IfI Colloquium: Some Effects of Information Density in Speech Production and Synthesis, April 19, 2018

Speaker:

Prof. Dr. Bernd Möbius, Universität Saarbrücken, Germany

Date: Thursday, April 19, 2018, 17:15 h

Location: BIN 2.A.01

Abstract

Language offers speakers a multitude of choices of how to encode their messages. A growing body of research indicates that measures derived from information theory correlate with aspects of human language and sppech processing. Specifically, the ease of processing a linguistic expression is correlated with the predictability of this expression in context. In this talk I will report on our recent analyses of the impact of information density on acoustic-phonetic features of spoken language in six languages: American English, Czech, Finnish, French, German, and Polish. Information density is estimated from phone-level n-gram language models trained on large corpora. Our findings suggest that the prosodic structure, i.e. phrasing and accenting, mediates between requirements of efficient communication and the speech signal. However, this mediation is not perfect, as we found evidence for additional, direct effects of changes in information density on the phonetic structure of utterances. These effects appear to be stable across languages and different speech rates. I will also summarize work in our lab on the inclusion of information-theoretic features in statistical parametric speech synthesis.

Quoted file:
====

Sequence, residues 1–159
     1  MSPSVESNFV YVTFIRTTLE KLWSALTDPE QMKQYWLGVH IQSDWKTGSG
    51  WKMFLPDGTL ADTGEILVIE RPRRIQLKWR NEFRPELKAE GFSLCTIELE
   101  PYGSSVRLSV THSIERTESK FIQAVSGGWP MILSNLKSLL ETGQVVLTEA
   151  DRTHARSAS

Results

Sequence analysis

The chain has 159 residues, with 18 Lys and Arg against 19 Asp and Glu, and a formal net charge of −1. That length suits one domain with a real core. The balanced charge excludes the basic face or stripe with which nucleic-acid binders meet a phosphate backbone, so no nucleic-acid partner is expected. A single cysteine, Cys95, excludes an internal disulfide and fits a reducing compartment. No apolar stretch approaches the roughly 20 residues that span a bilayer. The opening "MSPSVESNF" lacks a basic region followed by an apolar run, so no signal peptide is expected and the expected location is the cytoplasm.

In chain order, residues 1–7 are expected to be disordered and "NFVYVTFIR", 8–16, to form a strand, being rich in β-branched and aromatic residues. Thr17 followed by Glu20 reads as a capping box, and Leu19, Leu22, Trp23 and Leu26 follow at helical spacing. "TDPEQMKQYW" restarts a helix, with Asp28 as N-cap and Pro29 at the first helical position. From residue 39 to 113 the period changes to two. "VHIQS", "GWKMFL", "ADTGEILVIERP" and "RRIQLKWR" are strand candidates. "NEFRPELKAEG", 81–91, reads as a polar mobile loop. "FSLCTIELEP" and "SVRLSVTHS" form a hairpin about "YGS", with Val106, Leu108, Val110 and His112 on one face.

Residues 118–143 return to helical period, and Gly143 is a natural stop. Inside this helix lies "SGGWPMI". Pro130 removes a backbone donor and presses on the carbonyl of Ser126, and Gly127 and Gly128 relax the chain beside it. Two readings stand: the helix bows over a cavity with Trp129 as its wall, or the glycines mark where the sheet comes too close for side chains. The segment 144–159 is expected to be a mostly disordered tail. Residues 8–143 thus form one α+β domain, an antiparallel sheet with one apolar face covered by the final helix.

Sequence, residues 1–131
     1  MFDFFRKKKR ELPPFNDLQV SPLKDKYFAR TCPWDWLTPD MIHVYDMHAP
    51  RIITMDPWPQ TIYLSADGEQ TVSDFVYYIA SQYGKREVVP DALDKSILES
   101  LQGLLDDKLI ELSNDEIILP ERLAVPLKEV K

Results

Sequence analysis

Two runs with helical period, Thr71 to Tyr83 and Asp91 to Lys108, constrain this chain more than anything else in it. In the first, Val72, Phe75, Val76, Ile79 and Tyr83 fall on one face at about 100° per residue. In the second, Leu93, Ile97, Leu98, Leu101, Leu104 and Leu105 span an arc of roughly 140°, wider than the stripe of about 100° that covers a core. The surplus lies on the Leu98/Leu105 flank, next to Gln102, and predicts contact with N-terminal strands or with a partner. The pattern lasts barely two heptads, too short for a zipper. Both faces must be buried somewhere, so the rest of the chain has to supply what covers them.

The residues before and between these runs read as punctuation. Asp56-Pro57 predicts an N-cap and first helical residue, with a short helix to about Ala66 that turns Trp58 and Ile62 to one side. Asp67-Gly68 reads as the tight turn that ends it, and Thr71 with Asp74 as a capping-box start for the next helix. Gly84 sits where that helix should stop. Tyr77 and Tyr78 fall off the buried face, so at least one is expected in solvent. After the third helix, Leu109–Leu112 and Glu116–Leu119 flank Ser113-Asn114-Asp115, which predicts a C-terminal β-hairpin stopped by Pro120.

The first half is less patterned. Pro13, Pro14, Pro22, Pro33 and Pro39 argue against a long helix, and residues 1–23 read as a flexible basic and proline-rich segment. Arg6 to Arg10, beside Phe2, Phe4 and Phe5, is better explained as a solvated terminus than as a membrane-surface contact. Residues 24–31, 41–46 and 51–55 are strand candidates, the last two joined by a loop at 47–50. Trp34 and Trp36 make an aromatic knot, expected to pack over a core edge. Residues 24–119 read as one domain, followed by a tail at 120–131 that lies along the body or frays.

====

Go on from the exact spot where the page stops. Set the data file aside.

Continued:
This is joint work by Bistra Andreeva, Erika Brandt, Zofia Malisz, Bernd Möbius, Yoonmi Oh, Frank Zimmerer, Ingmar Steiner, and Sébastien Le Maguer.

Bio

Prof. Dr. Bernd Möbius is professor of Phonetics and Phonology at Saarland University. He holds a Dr. degree (Ph.D.) and M.A. from the University of Bonn (1992, 1985) and was a senior research scientist at Bell Labs (1993-1998) before joining the Institute of Natural Language Processing at the University of Stuttgart (1999-2007). He was acting chair of Phonetics and Speech Communication at the University of Bonn (2007-2010). A central theme of his research is to integrate phonetic knowledge in speech technology. He has worked extensively on prosody and text-to-speech synthesis. Recent work has focused on experimental methods and computational simulations to study aspects of speech production, perception and acquisition. He was a member of the Board of International Speech Communication Association (ISCA, 2007-2015) and was a founding member and chairman of ISCA's special interest group on speech synthesis (SynSIG, 2002-2005). He is currently serving as Editor-in-Chief of the Speech Communication journal.